DataSheet_1_Evaluation of the Efficacy of Two New Biotechnological-Based Freeze-Dried Fertilizers for Sustainable Fe Deficiency Correction of Soybean .docx (95.69 kB)
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DataSheet_1_Evaluation of the Efficacy of Two New Biotechnological-Based Freeze-Dried Fertilizers for Sustainable Fe Deficiency Correction of Soybean Plants Grown in Calcareous Soils.docx

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posted on 08.11.2019, 15:04 by Carlos M. H. Ferreira, Sandra López-Rayo, Juan J. Lucena, Eduardo V. Soares, Helena M. V. M. Soares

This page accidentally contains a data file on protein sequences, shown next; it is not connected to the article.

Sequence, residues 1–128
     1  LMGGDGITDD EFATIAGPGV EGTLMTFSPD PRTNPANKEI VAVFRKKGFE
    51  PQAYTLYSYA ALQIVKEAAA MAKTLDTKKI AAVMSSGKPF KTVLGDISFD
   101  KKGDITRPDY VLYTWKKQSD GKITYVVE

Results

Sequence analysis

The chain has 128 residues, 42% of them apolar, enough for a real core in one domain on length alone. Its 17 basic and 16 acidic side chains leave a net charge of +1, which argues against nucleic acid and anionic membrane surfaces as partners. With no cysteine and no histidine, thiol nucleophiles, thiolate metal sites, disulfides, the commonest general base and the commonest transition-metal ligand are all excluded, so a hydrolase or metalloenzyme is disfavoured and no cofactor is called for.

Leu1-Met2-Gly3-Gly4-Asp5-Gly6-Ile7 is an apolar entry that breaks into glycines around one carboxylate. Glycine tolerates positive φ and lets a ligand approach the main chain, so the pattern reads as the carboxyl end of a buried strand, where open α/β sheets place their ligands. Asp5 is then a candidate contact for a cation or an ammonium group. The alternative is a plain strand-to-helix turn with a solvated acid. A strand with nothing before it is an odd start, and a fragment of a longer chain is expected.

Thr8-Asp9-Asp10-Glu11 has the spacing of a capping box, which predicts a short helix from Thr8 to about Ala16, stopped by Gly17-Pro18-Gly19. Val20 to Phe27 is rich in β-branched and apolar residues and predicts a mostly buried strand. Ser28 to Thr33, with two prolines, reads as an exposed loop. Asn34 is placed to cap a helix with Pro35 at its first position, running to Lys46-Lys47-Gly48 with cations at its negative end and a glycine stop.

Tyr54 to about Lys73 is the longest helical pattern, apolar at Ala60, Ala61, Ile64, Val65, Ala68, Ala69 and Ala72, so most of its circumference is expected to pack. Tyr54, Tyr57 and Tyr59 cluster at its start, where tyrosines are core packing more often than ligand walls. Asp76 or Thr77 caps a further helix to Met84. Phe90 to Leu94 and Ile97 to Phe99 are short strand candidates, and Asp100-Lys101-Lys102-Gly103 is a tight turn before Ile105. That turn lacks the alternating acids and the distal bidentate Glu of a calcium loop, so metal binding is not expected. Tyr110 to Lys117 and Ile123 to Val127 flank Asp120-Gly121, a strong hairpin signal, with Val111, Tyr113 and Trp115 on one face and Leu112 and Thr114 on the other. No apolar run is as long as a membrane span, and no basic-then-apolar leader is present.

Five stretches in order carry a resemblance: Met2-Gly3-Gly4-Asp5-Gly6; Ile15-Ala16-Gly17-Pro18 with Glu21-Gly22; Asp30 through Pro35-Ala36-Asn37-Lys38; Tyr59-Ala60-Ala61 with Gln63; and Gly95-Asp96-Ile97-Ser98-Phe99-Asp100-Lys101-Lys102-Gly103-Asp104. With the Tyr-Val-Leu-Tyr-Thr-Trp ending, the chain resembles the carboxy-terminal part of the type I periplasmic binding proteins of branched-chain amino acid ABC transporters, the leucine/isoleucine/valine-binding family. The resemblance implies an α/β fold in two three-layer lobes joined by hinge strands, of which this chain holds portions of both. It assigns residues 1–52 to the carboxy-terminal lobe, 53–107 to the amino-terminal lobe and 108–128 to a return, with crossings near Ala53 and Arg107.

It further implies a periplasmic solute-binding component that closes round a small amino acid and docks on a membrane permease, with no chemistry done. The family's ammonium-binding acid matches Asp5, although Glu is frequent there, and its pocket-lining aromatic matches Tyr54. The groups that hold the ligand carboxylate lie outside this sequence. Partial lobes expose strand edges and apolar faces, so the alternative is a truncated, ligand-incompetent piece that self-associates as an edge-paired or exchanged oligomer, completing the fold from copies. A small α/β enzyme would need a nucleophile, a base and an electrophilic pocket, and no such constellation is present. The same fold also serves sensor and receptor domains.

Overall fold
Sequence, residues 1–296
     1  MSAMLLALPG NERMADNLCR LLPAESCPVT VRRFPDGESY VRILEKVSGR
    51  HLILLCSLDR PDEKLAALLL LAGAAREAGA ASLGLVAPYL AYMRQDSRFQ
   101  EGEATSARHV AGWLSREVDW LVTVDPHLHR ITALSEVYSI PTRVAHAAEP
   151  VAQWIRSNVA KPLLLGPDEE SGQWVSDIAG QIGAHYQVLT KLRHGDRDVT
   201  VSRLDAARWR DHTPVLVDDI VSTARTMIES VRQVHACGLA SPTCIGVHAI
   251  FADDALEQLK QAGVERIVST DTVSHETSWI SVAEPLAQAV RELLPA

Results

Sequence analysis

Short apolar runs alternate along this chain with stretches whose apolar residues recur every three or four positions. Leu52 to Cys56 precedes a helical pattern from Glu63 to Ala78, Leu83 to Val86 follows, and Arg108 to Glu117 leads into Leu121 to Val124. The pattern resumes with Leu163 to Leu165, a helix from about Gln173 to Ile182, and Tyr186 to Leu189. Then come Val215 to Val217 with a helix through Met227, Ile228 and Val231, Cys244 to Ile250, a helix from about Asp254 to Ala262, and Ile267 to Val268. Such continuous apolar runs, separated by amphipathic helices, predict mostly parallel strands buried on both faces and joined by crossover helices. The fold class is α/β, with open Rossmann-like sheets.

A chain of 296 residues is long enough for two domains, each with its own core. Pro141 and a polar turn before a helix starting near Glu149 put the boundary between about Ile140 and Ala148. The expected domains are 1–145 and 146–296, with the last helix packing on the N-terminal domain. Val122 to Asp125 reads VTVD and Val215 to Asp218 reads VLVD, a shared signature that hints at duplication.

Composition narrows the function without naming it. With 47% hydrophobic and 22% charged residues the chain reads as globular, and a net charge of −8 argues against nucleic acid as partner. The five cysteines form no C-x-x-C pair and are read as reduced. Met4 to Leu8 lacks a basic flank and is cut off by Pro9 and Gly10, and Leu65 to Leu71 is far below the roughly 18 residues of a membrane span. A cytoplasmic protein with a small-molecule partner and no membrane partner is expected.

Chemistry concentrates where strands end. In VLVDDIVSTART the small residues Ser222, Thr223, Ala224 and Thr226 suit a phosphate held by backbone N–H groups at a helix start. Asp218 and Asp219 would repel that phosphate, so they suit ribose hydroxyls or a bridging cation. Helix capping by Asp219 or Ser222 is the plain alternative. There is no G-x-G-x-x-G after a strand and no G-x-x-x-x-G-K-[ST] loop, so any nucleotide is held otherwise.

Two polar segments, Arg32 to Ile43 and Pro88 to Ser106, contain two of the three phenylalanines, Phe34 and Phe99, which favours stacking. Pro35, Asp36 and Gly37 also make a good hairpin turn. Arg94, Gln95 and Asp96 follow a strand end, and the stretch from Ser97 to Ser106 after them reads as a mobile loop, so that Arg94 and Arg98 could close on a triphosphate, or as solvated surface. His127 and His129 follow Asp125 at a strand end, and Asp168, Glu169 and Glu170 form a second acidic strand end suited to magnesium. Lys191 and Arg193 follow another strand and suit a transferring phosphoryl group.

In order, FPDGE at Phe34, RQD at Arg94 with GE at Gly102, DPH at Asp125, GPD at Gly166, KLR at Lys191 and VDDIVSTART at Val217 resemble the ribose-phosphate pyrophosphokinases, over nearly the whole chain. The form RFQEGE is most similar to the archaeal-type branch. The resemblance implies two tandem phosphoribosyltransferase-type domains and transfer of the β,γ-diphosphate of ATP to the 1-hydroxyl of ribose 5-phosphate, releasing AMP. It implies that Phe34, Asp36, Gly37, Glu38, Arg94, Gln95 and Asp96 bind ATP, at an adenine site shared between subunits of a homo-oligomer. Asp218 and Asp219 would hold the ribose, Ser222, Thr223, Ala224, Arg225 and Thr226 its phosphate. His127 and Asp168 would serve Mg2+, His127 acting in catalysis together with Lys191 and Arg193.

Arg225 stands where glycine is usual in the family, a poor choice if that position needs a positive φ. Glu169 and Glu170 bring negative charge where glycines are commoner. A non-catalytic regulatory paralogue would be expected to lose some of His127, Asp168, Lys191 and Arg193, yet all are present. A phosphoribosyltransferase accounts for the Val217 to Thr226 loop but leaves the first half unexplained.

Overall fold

Currently, fertilization with synthetic chelates is the most effective agricultural practice to prevent iron (Fe) deficiencies in crops, especially in calcareous soils. Because these compounds are not biodegradable, they are persistent in the environment, and so, there is the risk of metal leaching from the soils. Thus, new, more environment-friendly efficient solutions are needed to solve iron-deficiency-induced chlorosis (IDIC) in crops grown in calcareous soils. Therefore, the central aim of this work was to prepare new freeze-dried Fe products, using a biotechnological-based process, from two siderophores bacterial (Azotobacter vinelandii and Bacillus subtilis) cultures (which previously evidenced high Fe complexation ability at pH 9) and test their capacity for amending IDIC of soybean grown in calcareous soils. Results have shown that A. vinelandii iron fertilizer was more stable and interacted less with calcareous soils and its components than B. subtilis one. This behavior was noticeable in pot experiments where chlorotic soybean plants were treated with both fertilizer products. Plants treated with A. vinelandii fertilizer responded more significantly than those treated with B. subtilis one, when evaluated by their growth (20% more dry mass than negative control) and chlorophyll development (30% higher chlorophyll index than negative control) and in most parameters similar to the positive control, ethylenediamine-di(o-hydroxyphenylacetic acid). On average, Fe content was also higher in A. vinelandii-treated plants than on B. subtilis-treated ones. Results suggest that this new siderophore-based formulation product, prepared from A. vinelandii culture, can be regarded as a possible viable alternative for replacing the current nongreen Fe-chelating fertilizers and may envisage a sustainable and environment-friendly mending IDIC of soybean plants grown in calcareous soils.

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